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European Journal of Plant Pathology

, Volume 145, Issue 3, pp 615–620 | Cite as

The gene Cr811 is present exclusively in pathotype 5 and new emerged pathotypes of the clubroot pathogen Plasmodiophora brassicae

  • Jie Feng
  • Junye Jiang
  • David Feindel
  • Stephen E. Strelkov
  • Sheau-Fang Hwang
Article

Abstract

This study was conducted with the objective of finding genetic marker(s) to differentiate pathotypes of the clubroot pathogen Plasmodiophora brassicae. Ideally, such markers should be used as a diagnostic tool to identify or predict certain pathotypes. By using PCR with gene-specific primers, 117 non-housekeeping P. brassicae genes were investigated for their presence/absence in isolates representing pathotypes 2, 3, 5, 6 or 8 (Williams’ system), and in new strains of the pathogen recently identified from Alberta, Canada, which are highly virulent on clubroot resistant canola (Brassica napus) cultivars. One gene, named Cr811, was present in isolates of pathotype 5 and in a new strain of P. brassicae that also is classified as pathotype 5 on the system of Williams, but causes severe clubroot on resistant canola. Three additional newly identified virulent populations, similar to pathotype 3, also were tested and found to carry Cr811. In contrast, the Cr811 gene was absent in all isolates representing the original pathotypes 2, 3, 6 and 8. Quantitative real-time PCR analysis indicated greater copy numbers of Cr811 in the new virulent pathotype 3-like and pathotype 5-like populations versus the original pathotype 5, indicating a potential method to identify new pathotypes of P. brassicae before the breakdown of resistance could be detected in a canola crop. The association of Cr811 with infection by P. brassicae of previously resistant canola cultivars, as revealed by qPCR analysis, suggests that Cr811 plays an important role in the interaction between host resistance and P. brassicae pathogenicity.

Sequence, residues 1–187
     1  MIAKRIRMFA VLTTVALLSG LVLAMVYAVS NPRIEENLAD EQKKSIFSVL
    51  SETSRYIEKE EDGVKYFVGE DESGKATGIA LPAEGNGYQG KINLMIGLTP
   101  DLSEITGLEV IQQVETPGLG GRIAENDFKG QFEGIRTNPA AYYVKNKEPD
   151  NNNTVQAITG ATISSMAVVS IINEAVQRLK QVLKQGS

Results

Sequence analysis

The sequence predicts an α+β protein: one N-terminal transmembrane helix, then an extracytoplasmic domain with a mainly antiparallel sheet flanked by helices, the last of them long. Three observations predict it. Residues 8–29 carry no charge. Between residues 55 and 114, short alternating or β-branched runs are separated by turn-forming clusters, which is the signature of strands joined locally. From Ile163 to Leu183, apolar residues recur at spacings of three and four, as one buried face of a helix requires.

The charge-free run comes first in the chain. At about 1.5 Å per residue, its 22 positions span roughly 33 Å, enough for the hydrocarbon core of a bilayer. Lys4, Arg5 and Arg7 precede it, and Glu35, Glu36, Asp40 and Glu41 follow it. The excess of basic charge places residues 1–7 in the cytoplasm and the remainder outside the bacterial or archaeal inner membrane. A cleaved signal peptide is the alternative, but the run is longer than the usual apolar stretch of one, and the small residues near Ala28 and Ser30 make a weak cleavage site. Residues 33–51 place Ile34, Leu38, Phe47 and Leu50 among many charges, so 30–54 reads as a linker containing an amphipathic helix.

Keywords

Pathogenicity Virulence Resistance Pathotype Diagnosis Plastid 

Notes

Acknowledgments

The authors acknowledge the financial support from the Alberta Crop Industry Development Fund Ltd., the Canola Agronomic Research Program, the Growing Forward 2 Program (Agriculture and Agri-Food Canada/Canola Council of Canada), and the provincial canola grower groups including the Alberta Canola Producers Commission, SaskCanola, and the Manitoba Canola Growers Association.

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Copyright information

© Koninklijke Nederlandse Planteziektenkundige Vereniging 2016

Authors and Affiliations

  • Jie Feng
    • 1
  • Junye Jiang
    • 1
    • 2
  • David Feindel
    • 1
  • Stephen E. Strelkov
    • 2
  • Sheau-Fang Hwang
    • 1
  1. 1.Crop Diversification Centre North, Alberta Agriculture and ForestryEdmontonCanada
  2. 2.Department of Agricultural, Food and Nutritional ScienceUniversity of AlbertaEdmontonCanada

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